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. 2020 Nov 2;217(11):e20201181.
doi: 10.1084/jem.20201181.

Measuring SARS-CoV-2 neutralizing antibody activity using pseudotyped and chimeric viruses

Affiliations
  • PMID: 32692348
  • PMCID: PMC7372514
  • DOI: 10.1084/jem.20201181
Free PMC article

Measuring SARS-CoV-2 neutralizing antibody activity using pseudotyped and chimeric viruses

Fabian Schmidt et al. J Exp Med. .
Free PMC article

Abstract

The emergence of SARS-CoV-2 and the ensuing explosive epidemic of COVID-19 disease has generated a need for assays to rapidly and conveniently measure the antiviral activity of SARS-CoV-2-specific antibodies. Here, we describe a collection of approaches based on SARS-CoV-2 spike-pseudotyped, single-cycle, replication-defective human immunodeficiency virus type-1 (HIV-1), and vesicular stomatitis virus (VSV), as well as a replication-competent VSV/SARS-CoV-2 chimeric virus. While each surrogate virus exhibited subtle differences in the sensitivity with which neutralizing activity was detected, the neutralizing activity of both convalescent plasma and human monoclonal antibodies measured using each virus correlated quantitatively with neutralizing activity measured using an authentic SARS-CoV-2 neutralization assay. The assays described herein are adaptable to high throughput and are useful tools in the evaluation of serologic immunity conferred by vaccination or prior SARS-CoV-2 infection, as well as the potency of convalescent plasma or human monoclonal antibodies.

Conflict of interest statement

Disclosures: F. Schmidt reported a patent to VSV/SARS-CoV-2 chimeric virus pending. Y. Weisblum reported a patent to patent on VSV/SARS-CoV-2 chimeric virus pending. D.F. Robbiani reported a patent to monoclonal antibodies against SARS-CoV-2 pending. M.C. Nussenzweig reported a patent to anti-SARS-2 antibodies pending, "Rockefeller University," and is an inventor on the anti-SARS-2 antibody patent that has been submitted by the Rockefeller University. P.D. Bieniasz reported a patent to VSV/SARS-CoV-2 patent pending. No other disclosures were reported.

Figures

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Graphical abstract
Figure 1.
Figure 1.
Two-plasmid and three-plasmid HIV-1–based pseudotyped viruses. (A) Schematic representation of the modified HIV-1NL ΔEnv-NanoLuc genome in which a deletion in env was introduced and Nef-coding sequences were replaced by those encoding a NanoLuc luciferase reporter. Infectious virus particles were generated by cotransfection of pHIV-1NL4ΔEnv-NanoLuc and a plasmid encoding the SARS-CoV-2 S lacking the 19 amino acids at the C-terminus of the cytoplasmic tail (SΔ19). (B) Schematic representation of constructs used to generate SARS-CoV-2 S pseudotyped HIV-1–based particles in which HIV-1NLGagPol, an HIV-1 reporter vector (pCCNanoLuc/GFP) encoding both NanoLuc luciferase and EGFP reporter, and the SARS-CoV-2 SΔ19 are each expressed on separate plasmids. RRE, HIV-1 Rev response element; WPRE, woodchuck hepatitis virus post-transcriptional regulatory element. (C) Infectivity measurements of HIV-1NL ΔEnv-NanoLuc particles (generated using the plasmids depicted in A) on the indicated cell lines. Infectivity was quantified by measuring NanoLuc luciferase activity (RLUs) following infection of cells in 96-well plates with the indicated volumes of pseudotyped viruses. The mean and range of two technical replicates are shown. Target cells 293T/ACE2cl.22 and HT1080/ACE2cl.14 are single-cell clones engineered to express human ACE2 (see Fig. S1 A). Virus particles generated in the absence of viral envelope glycoproteins were used as background controls. (D) Same as C, but viruses were generated using the three plasmids depicted in B. (E) Infectivity measurements of CCNanoLuc/GFP containing SARS-CoV-2 pseudotyped particles generated using plasmids depicted in B on 293ACE2*(B) cells, quantified by measuring NanoLuc luciferase activity (RLU) or GFP levels (percentage of GFP-positive cells). Mean and range from two technical replicates are shown.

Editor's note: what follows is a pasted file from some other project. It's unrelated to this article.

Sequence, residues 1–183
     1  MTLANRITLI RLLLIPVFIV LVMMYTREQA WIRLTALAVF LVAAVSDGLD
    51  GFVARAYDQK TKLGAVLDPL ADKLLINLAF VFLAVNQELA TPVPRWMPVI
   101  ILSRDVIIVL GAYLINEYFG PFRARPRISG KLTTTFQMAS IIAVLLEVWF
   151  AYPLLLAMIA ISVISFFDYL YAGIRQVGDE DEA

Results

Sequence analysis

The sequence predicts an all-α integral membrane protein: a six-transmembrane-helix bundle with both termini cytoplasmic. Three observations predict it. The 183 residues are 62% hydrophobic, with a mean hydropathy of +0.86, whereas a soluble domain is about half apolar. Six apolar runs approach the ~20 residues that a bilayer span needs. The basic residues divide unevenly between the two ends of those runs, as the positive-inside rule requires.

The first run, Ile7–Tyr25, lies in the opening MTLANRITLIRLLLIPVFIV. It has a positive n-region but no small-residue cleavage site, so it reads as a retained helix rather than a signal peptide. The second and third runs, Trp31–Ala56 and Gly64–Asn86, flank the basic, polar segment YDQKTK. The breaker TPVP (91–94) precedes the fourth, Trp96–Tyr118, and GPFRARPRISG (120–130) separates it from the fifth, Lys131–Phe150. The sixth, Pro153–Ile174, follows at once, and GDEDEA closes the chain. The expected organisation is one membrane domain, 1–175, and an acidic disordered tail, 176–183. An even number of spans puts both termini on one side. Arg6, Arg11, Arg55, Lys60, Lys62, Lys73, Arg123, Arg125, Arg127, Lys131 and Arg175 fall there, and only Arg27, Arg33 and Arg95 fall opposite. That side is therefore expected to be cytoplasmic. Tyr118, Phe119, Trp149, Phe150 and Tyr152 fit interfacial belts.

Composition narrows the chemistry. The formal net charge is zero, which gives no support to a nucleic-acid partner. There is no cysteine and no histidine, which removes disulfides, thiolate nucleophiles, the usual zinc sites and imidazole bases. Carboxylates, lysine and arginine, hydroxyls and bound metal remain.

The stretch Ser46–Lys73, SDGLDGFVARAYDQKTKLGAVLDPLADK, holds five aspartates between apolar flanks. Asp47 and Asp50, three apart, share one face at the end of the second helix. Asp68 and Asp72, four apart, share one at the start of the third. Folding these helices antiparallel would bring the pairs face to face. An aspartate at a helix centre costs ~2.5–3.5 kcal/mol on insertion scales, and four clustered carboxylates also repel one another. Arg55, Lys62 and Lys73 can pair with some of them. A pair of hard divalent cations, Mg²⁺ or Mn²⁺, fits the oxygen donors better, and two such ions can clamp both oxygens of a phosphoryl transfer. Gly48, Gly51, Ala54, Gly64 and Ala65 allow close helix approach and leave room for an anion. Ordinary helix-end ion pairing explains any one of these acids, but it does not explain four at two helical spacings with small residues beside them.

Figure S1.
Figure S1.
Generation and HIV-1 pseudotype infection of ACE2-expressing cell lines. (A) 293T cells were stably transduced with a lentivirus vector CSIB expressing either wild-type ACE2 or catalytically inactive mutant ACE2*. Following selection, cells were used as uncloned bulk populations (B), or single-cell clones were isolated. Flow cytometry histograms show staining with an antibody against huACE2 (purple) or an isotype control (gray). (B) HT1080 cells were stably transduced as in A, and a single-cell clone used throughout this study is shown, stained as in A. (C) Infectivity of CCNanoLuc/GFP viruses, pseudotyped with either full-length or C-terminally truncated SARS-CoV and SARS-CoV-2 S proteins on 293T/ACE2*(B) cells. Virus particles generated in the absence of an S protein (No S) were used as background controls. Infectivity was quantified by measuring NanoLuc luciferase activity (RLU). Mean and range from two technical replicates is shown. (D) Infectivity of HIV-1NLΔEnv-NanoLuc in the various cell lines. Virus generated in the absence of S is used as a background control and infectivity was quantified by measuring NanoLuc luciferase activity (RLU). Mean and range from two technical replicates are shown. (E) Same as D except that CCNanoLuc/GFP virus was used. (F) Effect of virus ultracentrifugation on the infectivity of HIV-1–based pseudotyped virus particles. 293T/ACE2*(B) cells were infected with equivalent doses of unconcentrated HIV-1NLΔEnv-NanoLuc or the same virus that had be pelleted through 20% sucrose and then diluted to the original volume.
Figure S2.
Figure S2.
Variables determining HIV-1 pseudotype infection signal. (A) Images (GFP) of confluent monolayers of the indicated cell lines after infection with equivalent amounts of CCNanoLuc/GFP pseudotyped with SARS-CoV-2 SΔ19 or no S protein, as indicated. Scale bar, 0.4 mm. (B) Relationship between NanoLuc luciferase activity (RLU) and ACE2 cell surface expression levels (quantified by flow cytometry; Fig. S1 A) following infection the cell lines depicted in Fig. S1 A with HIV-1NLΔEnv-NanoLuc pseudotyped virus. Mean and range of two technical replicates are plotted. (C) Infectivity of CCNanoLuc/GFP pseudotyped virus generated by cotransfection with the indicated amounts of SARS-CoV-2 SΔ19 expression plasmid. Mean and range of two technical replicates are plotted. (D) Quantification of infectivity of HIV-1NL4-3ΔEnv-NanoLuc pseudotype infection by immunostaining of 293T/ACE2(B) target cells with antibodies against the HIV-1 capsid (CA) protein. Nuclei were visualized by Hoechst staining. Scale bar, 70 µm.
Figure 2.
Figure 2.